An audience poll conducted at the Agri Investor Forum in Chicago last week cited Latin America as the region of greatest interest to delegates, but panellists cautioned that political unrest and liquidity challenges exist in many countries.
As a result, they said that finding strong local partners is key to finding investment opportunities in the region.
Tony Salas, chief executive officer of Shared-X, said the greatest opportunity and political support exists in Chile, Colombia, Costa Rica, the Dominican Republic and Peru.
But Paraguay, Bolivia Ecuador, Nicaragua, Venezuela, Haiti and Brazil in particular are more challenging, he added, calling Brazil a “whole different planet” where protectionism makes it particularly important to have local partners.
The country has also been impacted by political turmoil stemming from the ouster of President Dilma Rouseff in late August. But Proterra Investment Partners partner Rich Gammil was optimistic, noting that the worst of the instability may have passed, as the business environment improves.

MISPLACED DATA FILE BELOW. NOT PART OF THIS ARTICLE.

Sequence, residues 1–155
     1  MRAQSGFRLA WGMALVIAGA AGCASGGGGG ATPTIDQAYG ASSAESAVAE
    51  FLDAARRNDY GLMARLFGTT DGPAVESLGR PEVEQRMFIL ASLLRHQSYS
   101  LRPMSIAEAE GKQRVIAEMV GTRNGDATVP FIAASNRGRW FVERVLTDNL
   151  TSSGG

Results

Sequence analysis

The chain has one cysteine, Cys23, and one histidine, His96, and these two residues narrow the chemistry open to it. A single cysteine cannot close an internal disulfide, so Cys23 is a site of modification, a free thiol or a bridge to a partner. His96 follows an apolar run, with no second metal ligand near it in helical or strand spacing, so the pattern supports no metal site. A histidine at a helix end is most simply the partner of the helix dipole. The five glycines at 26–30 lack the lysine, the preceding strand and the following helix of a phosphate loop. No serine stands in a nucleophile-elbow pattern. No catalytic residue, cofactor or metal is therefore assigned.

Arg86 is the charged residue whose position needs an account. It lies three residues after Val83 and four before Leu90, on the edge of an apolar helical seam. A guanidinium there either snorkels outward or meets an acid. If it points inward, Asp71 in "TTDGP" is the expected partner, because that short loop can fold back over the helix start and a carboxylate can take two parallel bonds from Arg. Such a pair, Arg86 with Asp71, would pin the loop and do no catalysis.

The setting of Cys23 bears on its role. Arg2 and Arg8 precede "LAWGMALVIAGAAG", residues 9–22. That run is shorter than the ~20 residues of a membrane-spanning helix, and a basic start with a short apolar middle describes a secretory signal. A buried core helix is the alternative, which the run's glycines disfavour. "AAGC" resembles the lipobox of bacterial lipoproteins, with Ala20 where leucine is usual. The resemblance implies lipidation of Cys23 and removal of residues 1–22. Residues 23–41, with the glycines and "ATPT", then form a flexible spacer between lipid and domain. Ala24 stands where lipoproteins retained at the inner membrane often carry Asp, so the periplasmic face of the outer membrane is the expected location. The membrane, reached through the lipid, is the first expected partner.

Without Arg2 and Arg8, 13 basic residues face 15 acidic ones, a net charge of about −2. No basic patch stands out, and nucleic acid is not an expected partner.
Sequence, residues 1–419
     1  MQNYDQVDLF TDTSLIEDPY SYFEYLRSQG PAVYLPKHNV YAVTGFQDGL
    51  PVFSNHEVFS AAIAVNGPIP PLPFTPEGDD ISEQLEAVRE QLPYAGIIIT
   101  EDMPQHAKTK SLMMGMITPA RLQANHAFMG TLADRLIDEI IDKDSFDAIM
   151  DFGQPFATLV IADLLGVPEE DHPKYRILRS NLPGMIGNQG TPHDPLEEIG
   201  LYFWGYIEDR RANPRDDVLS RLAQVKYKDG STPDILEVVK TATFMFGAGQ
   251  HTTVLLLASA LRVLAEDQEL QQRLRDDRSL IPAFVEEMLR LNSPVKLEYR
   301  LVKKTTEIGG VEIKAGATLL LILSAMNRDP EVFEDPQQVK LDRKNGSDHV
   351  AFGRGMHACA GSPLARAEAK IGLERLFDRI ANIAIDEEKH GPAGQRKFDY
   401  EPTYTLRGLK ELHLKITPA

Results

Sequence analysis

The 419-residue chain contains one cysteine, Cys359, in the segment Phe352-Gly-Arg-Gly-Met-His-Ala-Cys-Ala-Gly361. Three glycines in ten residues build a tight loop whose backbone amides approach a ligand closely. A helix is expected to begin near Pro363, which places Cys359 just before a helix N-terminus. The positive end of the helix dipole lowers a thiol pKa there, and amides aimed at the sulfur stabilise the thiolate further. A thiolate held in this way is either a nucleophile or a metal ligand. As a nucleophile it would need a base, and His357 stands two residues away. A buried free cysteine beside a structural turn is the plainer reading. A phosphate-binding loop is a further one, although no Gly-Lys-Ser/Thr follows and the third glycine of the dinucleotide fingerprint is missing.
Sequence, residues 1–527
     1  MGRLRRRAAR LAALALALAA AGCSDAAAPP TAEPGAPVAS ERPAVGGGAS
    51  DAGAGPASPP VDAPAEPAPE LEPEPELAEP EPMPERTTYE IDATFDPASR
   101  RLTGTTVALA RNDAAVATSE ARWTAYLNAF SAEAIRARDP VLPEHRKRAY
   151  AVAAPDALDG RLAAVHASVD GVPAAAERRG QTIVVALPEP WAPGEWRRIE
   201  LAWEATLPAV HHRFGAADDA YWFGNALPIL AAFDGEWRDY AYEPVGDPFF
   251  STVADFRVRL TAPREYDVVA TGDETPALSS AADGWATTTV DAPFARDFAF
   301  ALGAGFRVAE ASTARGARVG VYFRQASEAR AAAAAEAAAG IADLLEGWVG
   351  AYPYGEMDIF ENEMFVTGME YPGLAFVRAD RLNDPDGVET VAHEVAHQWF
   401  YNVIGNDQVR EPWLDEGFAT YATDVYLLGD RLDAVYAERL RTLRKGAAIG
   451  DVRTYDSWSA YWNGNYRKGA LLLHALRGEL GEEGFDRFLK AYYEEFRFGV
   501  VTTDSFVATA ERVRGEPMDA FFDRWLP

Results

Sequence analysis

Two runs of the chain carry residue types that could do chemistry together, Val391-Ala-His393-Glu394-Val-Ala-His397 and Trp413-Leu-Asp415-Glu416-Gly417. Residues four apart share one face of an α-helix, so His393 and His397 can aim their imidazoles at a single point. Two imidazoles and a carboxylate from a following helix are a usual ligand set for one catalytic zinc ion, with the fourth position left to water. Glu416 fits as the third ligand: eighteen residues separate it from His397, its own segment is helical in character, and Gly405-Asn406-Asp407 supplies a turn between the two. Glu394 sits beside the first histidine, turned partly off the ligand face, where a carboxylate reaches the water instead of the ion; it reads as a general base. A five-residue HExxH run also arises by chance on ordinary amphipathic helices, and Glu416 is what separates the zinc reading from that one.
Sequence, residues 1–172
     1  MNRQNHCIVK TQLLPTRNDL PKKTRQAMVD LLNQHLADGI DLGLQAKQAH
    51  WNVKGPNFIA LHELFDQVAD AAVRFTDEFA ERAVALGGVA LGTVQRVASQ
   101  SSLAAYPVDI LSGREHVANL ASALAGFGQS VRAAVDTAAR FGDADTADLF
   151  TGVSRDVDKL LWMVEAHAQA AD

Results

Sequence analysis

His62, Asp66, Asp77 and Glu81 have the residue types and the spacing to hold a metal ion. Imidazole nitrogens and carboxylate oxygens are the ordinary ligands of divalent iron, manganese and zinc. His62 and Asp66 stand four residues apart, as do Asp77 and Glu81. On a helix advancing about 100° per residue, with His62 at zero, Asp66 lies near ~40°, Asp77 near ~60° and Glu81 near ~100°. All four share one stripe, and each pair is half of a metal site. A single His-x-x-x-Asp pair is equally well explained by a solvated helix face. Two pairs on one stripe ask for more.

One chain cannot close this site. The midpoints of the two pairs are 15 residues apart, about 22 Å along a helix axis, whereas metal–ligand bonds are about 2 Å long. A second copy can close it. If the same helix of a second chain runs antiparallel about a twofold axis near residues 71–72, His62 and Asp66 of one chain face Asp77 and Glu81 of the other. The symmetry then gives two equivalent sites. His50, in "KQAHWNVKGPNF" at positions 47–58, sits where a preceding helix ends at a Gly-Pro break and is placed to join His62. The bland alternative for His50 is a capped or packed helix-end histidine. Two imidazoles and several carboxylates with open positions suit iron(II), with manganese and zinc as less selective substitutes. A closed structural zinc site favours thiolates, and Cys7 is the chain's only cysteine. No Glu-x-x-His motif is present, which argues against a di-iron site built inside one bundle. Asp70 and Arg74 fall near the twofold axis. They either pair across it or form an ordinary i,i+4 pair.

His optimism was supported by developments highlighted in the World Bank’s annual Doing Business report released last week. The report found that Brazil implemented reforms aimed at supporting tax payment and cross-border trade last year in part by investing in electronic systems to facilitate trade. Of the 189 countries ranked by their “ease of doing business” in 2015, Brazil improved from the previous year to come in at 116.
During a panel discussion on emerging markets at the event, Suzanne Gaboury, director of agribusiness at FMO, noted that while corporations such as Archer Daniels Midland and Cargill are already well-established and expanding in Latin American agriculture, the African market is more fragmented.
Receptiveness to foreign investment varies greatly across Africa, she said, advising delegates considering projects there to closely examine local laws, contracts and regulations surrounding land ownership prior to making investments.
She also highlighted the sugar industry in an East Africa, a region with strong historical ties to India, as a particularly attractive opportunity due to the availability of land in the region.
Discussing China, panellists pointed to a transformation that will unfold in different stages over the coming decades. Global Ag Partners founder Jennifer Wu said current opportunities are concentrated in consumer-driven sectors such as food safety, baby food and growing demand for organic products and coffee, but that further opportunities in years to come could stem from government efforts to improve soil quality and address pollution.